Tour Statistic & Summary
Tourname: The Circle
The Circle tour was the one where people had really high hopes and expectations right from the beginning. This was due to the band having finished the Lost Highway tour on an incredibly high level and the Circle album originally having been very well received amongst fans.
Like on so many previous occasions, Jon had announced beforehand that the band were going to dig into the rare album cuts. But this time around, it seemed to be true since the first shows in Honolulu, which had been announced as “warm-up” concerts, featured rare cuts from the first two albums like Tokyo Road, Roulette, Get Ready, Shot Through The Heart or Only Lonely.
However, a few concerts into the first leg of the tour and probably due to the lack of audience reception in the US, they were taken off the setlists again and replaced by the Lost Highway / Whole Lot of Leavin’ combo.
After a few shows for “getting the dust off”, the band got into a great rhythm and even though the setlists had become very stale by the end of the first arena leg, Jon’s vocals and the overall performances reached a very high level. By the end of that leg, they started their US stadium leg which included them opening the newly-built New Meadowlands Arena (which had replaced Giants Stadium) on three consecutive sold-out nights. During these nights, for the only time since 2001, extensive fireworks were used while the band was performing Keep The Faith.
They then went on to Europe to perform their O2 residency in London, along with three other tour dates. This had originally been planned in order to compensate for the lack of concerts at the arena where Michael Jackson had been set to play 50 sold-out shows. After his death, different artists were approached in order to fill the gap and Bon Jovi announced 12 concerts there. This spawned a lot of rage amongst fans since ticket prices were insanely high in comparison to how they had been priced on previous European tours and even led to Jon being asked about it on National UK TV in late 2009. David Bryan was missing on one of these concerts due to his musical “Memphis” winning four Tony awards and was replaced by Jeff Kazee for that night.
The band was in great form for the O2-run and Jon’s vocals pretty much at their peak of this era, but the shows turned out to be a bit of hit and miss. 70 songs had been planned to be played and, including covers, they totaled 74 tunes at the end of the run. However, while about half of the shows were packed to the extreme with rarities, others were pretty much standard which led to fans feeling a bit let-down after having caught one of the more regular concerts. Many had also hoped for the band to use this 12-night run for playing some albums in full lengths, but this didn’t happen. Even though there were some let-downs, this residency still featured some very exclusive performances like acoustic renditions of These Days, The Last Night or the return of songs like (It’s Hard) Letting You Go or Santa Fe which fans never would’ve expected beforehand.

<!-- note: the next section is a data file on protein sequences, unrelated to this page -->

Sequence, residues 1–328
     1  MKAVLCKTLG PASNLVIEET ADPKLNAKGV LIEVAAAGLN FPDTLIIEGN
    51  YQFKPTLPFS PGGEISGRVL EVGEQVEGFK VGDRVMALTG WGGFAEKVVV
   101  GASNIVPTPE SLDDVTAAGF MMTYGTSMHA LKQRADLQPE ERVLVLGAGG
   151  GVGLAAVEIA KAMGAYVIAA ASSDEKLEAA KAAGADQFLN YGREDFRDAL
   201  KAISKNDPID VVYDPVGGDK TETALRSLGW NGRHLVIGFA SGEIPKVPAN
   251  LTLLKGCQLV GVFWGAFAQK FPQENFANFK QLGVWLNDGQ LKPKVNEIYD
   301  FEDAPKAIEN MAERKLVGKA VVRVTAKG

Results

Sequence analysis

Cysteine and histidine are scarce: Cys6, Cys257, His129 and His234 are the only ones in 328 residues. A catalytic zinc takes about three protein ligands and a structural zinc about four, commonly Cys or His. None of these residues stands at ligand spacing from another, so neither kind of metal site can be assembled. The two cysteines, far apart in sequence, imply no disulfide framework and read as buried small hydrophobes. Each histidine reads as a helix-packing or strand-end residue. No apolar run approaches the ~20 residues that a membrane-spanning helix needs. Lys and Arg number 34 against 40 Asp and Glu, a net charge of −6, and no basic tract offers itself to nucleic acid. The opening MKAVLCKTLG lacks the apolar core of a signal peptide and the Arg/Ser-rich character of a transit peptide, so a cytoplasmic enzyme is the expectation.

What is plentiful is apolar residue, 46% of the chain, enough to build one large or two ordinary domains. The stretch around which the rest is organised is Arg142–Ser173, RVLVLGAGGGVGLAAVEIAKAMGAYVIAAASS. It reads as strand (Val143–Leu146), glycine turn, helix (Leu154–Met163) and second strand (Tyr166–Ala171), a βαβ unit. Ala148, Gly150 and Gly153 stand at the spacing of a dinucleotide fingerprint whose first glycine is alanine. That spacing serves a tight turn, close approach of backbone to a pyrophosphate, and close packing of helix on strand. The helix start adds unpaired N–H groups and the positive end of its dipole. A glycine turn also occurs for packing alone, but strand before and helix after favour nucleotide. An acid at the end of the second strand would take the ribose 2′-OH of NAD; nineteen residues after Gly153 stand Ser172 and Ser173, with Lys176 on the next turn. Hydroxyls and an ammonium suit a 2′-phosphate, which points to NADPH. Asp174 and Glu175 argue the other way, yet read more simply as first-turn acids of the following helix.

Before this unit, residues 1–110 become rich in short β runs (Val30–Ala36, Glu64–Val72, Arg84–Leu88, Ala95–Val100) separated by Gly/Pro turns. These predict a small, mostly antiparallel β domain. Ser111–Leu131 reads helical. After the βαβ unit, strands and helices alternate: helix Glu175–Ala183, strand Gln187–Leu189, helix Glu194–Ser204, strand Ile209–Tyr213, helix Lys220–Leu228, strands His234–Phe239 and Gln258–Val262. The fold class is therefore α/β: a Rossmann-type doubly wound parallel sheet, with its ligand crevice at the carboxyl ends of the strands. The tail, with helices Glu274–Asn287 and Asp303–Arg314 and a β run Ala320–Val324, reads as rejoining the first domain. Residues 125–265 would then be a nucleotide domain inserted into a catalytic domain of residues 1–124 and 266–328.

Something that also had become clear around this time of the tour was that the band had lost a bit of faith in their most current album. Initially, performances of the new material had been very well worked out with a huge amount of prepared screen animations, a staged walk during Work For The Working Man, the dual guitar solo by Jon and Richie at the end of Thorn In My Side or the extended renditions of Love’s The Only Rule which ran often twice as long as the album track itself. However, as the tour went on, more and more songs dropped from the setlists to only reappear occasionally. Furthermore Brokenpromiseland, a fan favourite from the beginning, only got performed once in Honolulu and never returned again. With three songs not being played at all (Live Before You Die, Fast Cars, Learn To Love), this album had the highest amount of material that wouldn’t get performed live since 7800° Fahrenheit.
The summer saw the Bon Jovi return to the New Meadowlands Stadium for a fourth show. Hopes ran high since they had been on top of their game beforehand, but this night nowadays only is remembered for everything going wrong. They sounded unrehearsed, Jon’s vocals were off, Richie had a major screw-up in Have A Nice Day and, top it all off, Jon tore his calf-muscle during the encore. They got back on track quite fast though and pretty much kept their rhythm for the rest of the year. The South American leg is especially remembered for the band’s shows in Brazil, where Jon threw the setlist out of the window halfway through the Rio concert and played as many Circle songs as he wanted and Argentina, where audience and band pushed each other to new heights, resulting in 4 encores and one hell of a show.
After two concerts in Tokyo where the low amount of Japanese shows made it clear that the band’s popularity was fading since the release of the Lost Highway record, the band went on to New Zealand and Australia to finish their 2010 concert run.
Especially the final of the three nights in Sydney is still remembered by fans as the show where they pulled out all stops. A setlist containing rarities like I Believe, Something To Believe In, Dry County and These Days plus a thunderstorm midway through the show with pouring rain led to one of the most inspired and highest quality performances of the post-2000 era.
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